Justin: Well, they shocked me back at WrestleMania with how much i ended up enjoying their energetic brawl, but something tells me lightning won’t strike twice. Giant Gonzalez and Mr. Hughes had beaten the piss out of Undertaker and Paul Bearer back in May. Taker had since returned but Bearer was still on the shelf. With Hughes now gone from the promotion, Taker was granted a rematch with Gonzalez under some sort of mysterious rules that only he knew about. Wipplman still had the urn with him, stolen when his charges wiped out the Deadman. Taker’s entrance was pretty good here as the arena was cloaked in darkness until he reached the ring and raised them up with a simple motion. Taker landed some right hands early but Gonzalez wobbled through and smashed him with overhead chops. Taker fired back but walked into a clubbing hand to knock him to the mat. Gonzalez chucked the Deadman to the floor where the two would trade off punches until the Giant ran him into the steps and bashed him with a chair to the gut and back. As he did, Vince announced that there were no rules in this one, so I guess that is what the stipulation entails. Those were actually pretty decent chair shots by Gonzalez. Back inside, Taker kept trying to crawl to the urn but Gonzalez cut him off and kept using his basic strikes to control. This match has had its moments but is way slower than its predecessor and doesn’t have anywhere near the fun atmosphere that Vegas had brought. As Gonzalez choked Taker, the gong echoed in the arena and Paul Bearer made his return, carrying a black wreath along with him. He would deck Wippleman and take back his urn. And as he did, Taker started to make his comeback. After a real awkward slam, Taker sat up and started a clothesline based assault that finally dropped Gonzales to a knee. Taker would ascend the top rope an collide into Gonzalez with a flying clothesline to pick up the win. Well, that feud should finally be done. Again, this wasn’t awful but it really wasn’t very good at all either. They showed some energy in certain spots and the finish was cool, but otherwise it was plodding and pedantic. It was for the best that Taker could move on away from this feud for a while. After the match, Gonzalez turned on his manager and chokeslammed Harvey to the mat before dumping the wreath on his chest and hobbling off into the sunset. Grade: 1/2*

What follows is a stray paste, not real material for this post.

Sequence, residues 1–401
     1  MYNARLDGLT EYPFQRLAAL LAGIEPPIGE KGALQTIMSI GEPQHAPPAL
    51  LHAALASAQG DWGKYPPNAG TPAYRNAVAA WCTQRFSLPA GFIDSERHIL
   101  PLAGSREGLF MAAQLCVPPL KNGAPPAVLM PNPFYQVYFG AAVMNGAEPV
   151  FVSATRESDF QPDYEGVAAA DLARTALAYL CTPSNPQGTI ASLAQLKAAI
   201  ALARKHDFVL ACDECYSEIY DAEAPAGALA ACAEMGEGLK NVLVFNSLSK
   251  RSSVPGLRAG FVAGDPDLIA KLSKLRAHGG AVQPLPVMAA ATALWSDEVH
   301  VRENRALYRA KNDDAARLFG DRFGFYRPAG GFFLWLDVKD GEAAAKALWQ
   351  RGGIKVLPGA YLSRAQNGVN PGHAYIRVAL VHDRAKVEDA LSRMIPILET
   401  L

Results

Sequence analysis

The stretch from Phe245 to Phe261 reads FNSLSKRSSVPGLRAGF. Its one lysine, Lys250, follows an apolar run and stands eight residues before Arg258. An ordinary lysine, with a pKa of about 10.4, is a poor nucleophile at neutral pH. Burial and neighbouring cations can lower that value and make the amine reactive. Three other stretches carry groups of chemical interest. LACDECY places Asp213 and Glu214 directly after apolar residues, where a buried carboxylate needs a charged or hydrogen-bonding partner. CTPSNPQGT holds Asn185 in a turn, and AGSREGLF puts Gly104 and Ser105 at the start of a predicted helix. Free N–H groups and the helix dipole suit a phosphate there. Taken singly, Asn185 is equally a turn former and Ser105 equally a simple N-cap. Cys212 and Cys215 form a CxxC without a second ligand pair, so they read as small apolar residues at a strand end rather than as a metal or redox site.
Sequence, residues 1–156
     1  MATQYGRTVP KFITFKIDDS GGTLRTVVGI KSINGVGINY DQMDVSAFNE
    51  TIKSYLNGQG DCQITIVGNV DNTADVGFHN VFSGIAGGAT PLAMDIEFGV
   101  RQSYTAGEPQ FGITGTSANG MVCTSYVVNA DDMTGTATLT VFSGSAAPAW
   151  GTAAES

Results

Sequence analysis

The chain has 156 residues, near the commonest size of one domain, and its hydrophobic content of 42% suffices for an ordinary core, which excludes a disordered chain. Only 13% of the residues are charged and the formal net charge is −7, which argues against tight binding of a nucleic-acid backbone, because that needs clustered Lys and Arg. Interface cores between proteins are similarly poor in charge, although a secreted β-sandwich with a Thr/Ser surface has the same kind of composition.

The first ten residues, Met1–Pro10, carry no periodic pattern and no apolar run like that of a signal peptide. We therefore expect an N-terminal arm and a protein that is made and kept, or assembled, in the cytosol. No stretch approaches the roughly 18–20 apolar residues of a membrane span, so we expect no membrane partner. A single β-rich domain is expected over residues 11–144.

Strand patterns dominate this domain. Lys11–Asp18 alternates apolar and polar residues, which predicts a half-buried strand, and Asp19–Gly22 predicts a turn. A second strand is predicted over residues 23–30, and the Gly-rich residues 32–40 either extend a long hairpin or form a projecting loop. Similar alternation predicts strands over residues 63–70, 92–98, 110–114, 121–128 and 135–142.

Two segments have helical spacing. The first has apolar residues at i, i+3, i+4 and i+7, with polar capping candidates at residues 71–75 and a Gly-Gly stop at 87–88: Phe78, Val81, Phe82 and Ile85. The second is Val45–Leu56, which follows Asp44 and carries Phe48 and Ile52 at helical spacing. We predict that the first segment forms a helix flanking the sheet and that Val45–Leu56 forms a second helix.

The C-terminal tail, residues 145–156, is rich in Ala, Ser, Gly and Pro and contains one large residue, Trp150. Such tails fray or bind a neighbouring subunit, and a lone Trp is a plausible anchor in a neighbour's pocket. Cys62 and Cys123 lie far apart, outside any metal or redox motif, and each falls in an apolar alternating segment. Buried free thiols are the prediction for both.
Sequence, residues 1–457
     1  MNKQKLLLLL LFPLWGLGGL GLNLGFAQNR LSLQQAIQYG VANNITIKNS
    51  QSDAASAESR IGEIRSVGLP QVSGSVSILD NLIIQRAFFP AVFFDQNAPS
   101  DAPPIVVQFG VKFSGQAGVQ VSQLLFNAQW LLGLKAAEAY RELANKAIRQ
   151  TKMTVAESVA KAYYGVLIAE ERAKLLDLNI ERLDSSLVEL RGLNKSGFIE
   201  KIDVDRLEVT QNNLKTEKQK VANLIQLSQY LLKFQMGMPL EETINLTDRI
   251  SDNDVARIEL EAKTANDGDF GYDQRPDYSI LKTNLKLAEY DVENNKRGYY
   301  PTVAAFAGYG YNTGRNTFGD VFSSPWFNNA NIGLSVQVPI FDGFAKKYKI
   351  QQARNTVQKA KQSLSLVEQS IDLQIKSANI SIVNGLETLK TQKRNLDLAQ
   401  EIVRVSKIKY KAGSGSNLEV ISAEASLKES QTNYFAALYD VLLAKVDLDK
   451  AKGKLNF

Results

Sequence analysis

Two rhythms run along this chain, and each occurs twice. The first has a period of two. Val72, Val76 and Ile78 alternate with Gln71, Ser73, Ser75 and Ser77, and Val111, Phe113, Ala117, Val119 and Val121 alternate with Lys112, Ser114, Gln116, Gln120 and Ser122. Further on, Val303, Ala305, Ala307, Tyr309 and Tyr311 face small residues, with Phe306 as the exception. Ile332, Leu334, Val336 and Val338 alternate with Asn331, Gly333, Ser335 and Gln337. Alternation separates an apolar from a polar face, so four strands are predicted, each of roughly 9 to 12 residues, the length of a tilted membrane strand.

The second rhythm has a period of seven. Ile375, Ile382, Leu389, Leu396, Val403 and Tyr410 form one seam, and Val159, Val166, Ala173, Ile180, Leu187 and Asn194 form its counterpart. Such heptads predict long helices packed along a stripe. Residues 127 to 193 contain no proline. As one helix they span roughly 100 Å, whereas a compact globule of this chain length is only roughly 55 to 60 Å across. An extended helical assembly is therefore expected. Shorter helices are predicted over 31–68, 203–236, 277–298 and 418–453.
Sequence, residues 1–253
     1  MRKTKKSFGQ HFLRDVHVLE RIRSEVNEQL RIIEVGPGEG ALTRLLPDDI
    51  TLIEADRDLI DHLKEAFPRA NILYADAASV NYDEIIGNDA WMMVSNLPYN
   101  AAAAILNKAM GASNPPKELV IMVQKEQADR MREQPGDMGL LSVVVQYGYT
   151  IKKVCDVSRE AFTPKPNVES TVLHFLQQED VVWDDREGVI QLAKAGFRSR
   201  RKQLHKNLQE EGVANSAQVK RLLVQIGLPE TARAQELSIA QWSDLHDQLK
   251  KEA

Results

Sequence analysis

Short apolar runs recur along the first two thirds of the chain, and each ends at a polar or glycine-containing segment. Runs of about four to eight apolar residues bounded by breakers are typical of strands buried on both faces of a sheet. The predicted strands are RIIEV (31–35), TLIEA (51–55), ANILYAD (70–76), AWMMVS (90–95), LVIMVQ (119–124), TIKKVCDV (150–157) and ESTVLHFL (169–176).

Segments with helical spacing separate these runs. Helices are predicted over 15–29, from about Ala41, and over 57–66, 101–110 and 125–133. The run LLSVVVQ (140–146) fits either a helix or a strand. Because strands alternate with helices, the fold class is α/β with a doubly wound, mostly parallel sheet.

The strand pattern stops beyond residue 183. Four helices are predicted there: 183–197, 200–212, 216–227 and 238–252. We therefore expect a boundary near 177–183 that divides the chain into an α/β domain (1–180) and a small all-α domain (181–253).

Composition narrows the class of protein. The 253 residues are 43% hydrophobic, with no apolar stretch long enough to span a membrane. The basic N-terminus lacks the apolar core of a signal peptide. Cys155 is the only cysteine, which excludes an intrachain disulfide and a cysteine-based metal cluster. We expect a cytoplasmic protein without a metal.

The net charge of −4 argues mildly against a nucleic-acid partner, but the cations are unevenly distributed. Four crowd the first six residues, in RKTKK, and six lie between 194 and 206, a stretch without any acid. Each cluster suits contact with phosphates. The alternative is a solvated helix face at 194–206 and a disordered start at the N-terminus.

9) Smoking Gunns & Tatanka defeat Headshrinkers & Bam Bam Bigelow when Tatanka pins Samu with a roll-up at 11:13